Today, every business in existence has a server room. A server room is a part of a data center and is used to store, power and operate computer servers and associated equipment. These computer servers operate continuously and generate a lot of heat in the process. If a server room gets overheated, the electronic components may get permanently weakened, the servers may fail and even server room fires can be caused leading to machine damage and loss of a significant amount of data. On the other hand, the cooling systems installed in the server rooms if run at full blast, may consume a lot of energy, lead to high electricity bills and even harm the environment.2. PROPOSED SOLUTION
In order to prevent such scenarios, a temperature monitoring and alerting system would come in handy. The system created here monitors its surrounding temperature and if the temperature crosses certain thresholds, it sends an SMS alert to each of the registered phone numbers while simultaneously initiating an audible alert signal at the location of the server room so that the concerned personnel on-site can take care of the situation immediately.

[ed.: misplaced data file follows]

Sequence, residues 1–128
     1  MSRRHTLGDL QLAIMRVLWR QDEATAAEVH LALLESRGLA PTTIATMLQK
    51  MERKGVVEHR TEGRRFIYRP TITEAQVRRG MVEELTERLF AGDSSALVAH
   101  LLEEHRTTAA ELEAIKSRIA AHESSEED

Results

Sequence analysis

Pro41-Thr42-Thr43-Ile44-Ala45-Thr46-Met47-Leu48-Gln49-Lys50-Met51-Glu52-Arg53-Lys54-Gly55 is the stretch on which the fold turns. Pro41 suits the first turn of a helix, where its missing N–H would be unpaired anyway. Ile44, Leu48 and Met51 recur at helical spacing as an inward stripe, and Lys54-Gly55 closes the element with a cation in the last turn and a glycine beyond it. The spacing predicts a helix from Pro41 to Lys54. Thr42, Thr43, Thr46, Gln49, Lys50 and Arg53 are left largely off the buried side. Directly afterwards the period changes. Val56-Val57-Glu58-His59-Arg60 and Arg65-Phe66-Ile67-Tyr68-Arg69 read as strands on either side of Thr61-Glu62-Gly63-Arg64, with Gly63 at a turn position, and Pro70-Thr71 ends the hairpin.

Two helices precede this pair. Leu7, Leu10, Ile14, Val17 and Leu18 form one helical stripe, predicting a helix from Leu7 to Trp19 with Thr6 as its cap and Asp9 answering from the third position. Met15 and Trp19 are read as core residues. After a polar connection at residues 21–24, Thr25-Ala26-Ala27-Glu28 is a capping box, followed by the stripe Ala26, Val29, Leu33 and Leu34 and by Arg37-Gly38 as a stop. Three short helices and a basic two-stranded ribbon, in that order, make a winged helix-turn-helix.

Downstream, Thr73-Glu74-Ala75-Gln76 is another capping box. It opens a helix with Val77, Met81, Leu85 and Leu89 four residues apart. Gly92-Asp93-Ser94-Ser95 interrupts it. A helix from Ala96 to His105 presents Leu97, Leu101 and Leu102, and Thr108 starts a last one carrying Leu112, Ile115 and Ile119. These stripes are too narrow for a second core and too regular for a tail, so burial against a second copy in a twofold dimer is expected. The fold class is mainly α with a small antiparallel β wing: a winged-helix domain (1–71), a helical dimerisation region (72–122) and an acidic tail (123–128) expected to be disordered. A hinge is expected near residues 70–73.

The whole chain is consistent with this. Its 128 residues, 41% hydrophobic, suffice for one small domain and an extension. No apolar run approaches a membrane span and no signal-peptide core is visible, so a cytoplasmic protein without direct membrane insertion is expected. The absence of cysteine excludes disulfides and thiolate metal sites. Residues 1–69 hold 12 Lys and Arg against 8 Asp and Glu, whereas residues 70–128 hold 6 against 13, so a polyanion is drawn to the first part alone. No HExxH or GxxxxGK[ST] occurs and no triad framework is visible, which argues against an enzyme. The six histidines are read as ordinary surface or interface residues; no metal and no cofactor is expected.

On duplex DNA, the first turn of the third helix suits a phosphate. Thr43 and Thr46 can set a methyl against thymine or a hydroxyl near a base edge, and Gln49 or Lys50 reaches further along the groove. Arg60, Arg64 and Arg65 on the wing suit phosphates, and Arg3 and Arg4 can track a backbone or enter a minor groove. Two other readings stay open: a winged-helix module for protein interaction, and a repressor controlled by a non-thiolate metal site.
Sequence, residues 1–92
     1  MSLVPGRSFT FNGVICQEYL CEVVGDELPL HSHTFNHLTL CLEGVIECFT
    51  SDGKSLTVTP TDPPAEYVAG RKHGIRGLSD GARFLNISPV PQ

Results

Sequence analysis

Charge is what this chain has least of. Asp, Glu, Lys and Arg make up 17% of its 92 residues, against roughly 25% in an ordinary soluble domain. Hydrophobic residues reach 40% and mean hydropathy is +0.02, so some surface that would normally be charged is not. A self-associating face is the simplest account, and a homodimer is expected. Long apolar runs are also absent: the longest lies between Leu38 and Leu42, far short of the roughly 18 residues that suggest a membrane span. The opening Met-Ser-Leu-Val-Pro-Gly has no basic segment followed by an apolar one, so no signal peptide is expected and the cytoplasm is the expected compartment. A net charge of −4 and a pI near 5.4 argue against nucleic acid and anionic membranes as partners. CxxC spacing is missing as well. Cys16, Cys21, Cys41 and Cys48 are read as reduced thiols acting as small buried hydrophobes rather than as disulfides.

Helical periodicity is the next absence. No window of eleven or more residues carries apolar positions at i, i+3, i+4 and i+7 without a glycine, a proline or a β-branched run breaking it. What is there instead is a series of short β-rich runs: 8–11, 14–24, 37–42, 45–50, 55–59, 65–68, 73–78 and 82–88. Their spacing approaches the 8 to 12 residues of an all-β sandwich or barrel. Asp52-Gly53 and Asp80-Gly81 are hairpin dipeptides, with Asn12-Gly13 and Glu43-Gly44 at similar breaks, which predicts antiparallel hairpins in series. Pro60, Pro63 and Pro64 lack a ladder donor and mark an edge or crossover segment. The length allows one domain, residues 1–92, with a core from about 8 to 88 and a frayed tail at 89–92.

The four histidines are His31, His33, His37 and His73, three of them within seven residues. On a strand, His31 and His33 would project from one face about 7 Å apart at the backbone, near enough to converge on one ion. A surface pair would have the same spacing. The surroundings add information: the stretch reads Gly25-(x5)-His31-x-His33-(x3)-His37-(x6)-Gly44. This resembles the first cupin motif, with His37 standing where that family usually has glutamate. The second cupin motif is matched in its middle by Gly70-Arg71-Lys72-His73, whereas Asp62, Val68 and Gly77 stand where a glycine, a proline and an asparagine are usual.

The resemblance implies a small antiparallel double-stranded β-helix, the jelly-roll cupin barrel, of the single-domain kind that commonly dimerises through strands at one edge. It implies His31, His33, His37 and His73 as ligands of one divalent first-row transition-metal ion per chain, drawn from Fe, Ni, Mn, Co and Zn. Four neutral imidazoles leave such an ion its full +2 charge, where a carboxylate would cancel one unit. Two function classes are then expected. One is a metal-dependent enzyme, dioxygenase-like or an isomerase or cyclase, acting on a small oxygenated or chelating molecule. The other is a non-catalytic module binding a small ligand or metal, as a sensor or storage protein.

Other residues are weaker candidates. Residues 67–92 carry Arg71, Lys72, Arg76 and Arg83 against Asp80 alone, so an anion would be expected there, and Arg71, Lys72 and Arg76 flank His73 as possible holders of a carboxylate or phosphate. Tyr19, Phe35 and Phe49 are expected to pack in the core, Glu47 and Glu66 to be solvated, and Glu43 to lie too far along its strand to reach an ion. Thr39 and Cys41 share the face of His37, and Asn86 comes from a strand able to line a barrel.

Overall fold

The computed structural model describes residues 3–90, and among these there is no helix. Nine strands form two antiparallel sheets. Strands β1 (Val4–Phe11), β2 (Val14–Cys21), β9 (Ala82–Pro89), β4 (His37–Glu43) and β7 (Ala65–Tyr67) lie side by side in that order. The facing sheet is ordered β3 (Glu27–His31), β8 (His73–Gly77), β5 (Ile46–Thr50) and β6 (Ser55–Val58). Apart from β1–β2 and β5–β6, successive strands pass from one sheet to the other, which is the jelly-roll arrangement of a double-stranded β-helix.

Here, both static and dynamic thresholds are defined for the sensed temperature to ensure enhanced protection of the servers from damage. The optimal static thresholds can vary for different server rooms but the general temperature range for proper functioning of server rooms is 18°C - 27°C as stated by ASHRAE. The dynamic thresholds are calculated for anomaly detection using Z – score analysis wherein if the temperature increases or decreases suddenly, SMS and buzzer alerts are sent.3. SETTING UP THE HARDWARE
Let us begin with the hardware connections. Make sure that you power ON the Bolt module only after all the connections are done. The Fritzing schematic diagram is attached and the breadboard diagram is shown below:
Follow the steps below to set up your hardware:
Step 1: Connecting The Temperature Sensor
Place the LM35 temperature sensor on the breadboard and connect its three leads via jumper wires to the respective pins of the Bolt module. Keeping the flat side of the sensor towards yourself: